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Skull And Bones Preview – More Shipshape Than I Expected

A pirate’s life awaits you

Skull and Bones. We’ve all wondered at some point whether Ubisoft Singapore’s open-world pirate game would eventually ship given all the delays and setbacks. After all, it’s been in the works since 2013 and Ubisoft has no doubt spent a boatload of cash on its development, so you could forgive Yves and the powerbrokers at the French company for sentencing the project to the walk the plank. But what if I told you that not only is the game definitely coming out (on February 16, 2024, to be exact), it’s actually pretty fun.

Recently I was able to visit Ubisoft Singapore courtesy of Ubisoft Australia and was able to go hands-on with the content from the game’s upcoming closed beta, as well as hear from and speak to a bunch of the team behind the project. It not only gave me a much better understanding of what the game is, but a deeper respect for the creatives behind these big AAA operations.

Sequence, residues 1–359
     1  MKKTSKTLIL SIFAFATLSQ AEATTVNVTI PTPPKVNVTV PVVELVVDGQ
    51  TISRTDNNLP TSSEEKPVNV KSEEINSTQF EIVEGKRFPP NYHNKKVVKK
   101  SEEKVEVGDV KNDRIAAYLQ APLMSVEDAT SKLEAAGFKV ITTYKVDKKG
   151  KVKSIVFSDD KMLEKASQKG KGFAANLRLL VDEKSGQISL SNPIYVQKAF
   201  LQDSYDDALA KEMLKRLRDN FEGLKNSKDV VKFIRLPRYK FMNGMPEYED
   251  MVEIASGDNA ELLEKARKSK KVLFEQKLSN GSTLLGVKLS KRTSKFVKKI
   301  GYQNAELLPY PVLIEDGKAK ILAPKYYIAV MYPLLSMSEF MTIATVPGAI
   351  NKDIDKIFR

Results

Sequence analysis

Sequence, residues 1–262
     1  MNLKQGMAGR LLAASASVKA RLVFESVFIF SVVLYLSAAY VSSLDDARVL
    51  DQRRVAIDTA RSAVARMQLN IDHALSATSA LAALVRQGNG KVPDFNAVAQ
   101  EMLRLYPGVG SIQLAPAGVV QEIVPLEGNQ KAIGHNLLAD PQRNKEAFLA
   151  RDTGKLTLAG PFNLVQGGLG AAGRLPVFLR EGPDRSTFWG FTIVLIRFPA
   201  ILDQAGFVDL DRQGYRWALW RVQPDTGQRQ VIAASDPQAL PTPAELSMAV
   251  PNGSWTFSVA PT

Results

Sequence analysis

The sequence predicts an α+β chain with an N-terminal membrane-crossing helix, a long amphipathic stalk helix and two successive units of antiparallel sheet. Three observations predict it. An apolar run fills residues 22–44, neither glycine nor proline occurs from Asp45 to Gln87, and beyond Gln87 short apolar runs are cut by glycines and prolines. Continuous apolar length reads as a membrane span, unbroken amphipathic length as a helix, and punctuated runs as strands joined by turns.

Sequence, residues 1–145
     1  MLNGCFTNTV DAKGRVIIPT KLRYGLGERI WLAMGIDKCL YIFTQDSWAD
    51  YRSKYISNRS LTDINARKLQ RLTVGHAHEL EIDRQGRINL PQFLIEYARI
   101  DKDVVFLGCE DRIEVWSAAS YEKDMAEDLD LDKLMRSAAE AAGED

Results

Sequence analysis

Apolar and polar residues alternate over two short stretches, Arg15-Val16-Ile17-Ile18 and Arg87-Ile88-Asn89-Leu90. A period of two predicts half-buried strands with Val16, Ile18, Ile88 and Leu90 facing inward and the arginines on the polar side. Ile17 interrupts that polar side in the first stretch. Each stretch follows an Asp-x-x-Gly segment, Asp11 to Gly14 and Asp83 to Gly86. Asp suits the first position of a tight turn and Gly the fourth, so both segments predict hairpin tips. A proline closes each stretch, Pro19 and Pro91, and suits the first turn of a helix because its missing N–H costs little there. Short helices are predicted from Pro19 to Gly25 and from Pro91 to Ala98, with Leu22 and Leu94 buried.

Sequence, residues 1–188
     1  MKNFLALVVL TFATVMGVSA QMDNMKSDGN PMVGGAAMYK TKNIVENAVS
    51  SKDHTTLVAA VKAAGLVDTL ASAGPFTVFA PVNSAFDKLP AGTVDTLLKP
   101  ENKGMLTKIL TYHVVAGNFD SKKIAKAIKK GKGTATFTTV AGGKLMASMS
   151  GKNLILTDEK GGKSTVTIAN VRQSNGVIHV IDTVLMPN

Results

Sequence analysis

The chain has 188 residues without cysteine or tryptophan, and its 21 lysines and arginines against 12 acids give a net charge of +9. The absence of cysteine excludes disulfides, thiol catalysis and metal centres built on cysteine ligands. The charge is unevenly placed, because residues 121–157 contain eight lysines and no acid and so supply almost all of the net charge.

Born out of would-be DLC for Assassin’s Creed: Black Flag, Skull and Bones is set during the 17th century in the Indian Ocean and inspired by the golden age of piracy. Your job is to climb the pirate ranks and become a kingpin – an infamous pirate leader who’s feared across the seven seas. Rising through the ranks may not be the most original premise, but it fits what Skull and Bones is aiming for.

What is exciting about the narrative is the use of the Indian Ocean, which has allowed Ubisoft Singapore to showcase the cultures and history of its own region. From chatting with the team, you can sense their excitement at getting to feature its heritage in the game.